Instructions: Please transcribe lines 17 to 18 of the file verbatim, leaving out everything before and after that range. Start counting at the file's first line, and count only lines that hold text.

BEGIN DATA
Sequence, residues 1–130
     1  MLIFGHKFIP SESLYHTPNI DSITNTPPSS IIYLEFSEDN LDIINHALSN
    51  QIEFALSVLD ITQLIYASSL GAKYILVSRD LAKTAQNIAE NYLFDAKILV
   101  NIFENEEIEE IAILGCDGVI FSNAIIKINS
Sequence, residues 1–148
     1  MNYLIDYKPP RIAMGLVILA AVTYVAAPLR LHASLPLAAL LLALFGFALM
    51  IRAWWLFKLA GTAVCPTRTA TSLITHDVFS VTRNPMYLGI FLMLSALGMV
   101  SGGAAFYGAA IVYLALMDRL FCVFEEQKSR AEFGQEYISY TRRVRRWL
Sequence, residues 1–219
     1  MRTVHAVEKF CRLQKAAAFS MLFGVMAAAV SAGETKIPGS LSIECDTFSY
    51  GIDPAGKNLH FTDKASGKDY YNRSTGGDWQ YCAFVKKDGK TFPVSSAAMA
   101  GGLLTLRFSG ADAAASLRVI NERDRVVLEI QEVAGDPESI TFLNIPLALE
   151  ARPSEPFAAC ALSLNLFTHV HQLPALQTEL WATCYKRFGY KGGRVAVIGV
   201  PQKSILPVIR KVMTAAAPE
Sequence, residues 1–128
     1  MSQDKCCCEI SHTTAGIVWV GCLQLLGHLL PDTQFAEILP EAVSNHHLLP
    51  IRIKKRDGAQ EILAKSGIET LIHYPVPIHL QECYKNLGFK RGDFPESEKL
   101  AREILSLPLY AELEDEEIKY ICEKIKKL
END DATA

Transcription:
    51  IRIKKRDGAQ EILAKSGIET LIHYPVPIHL QECYKNLGFK RGDFPESEKL
   101  AREILSLPLY AELEDEEIKY ICEKIKKL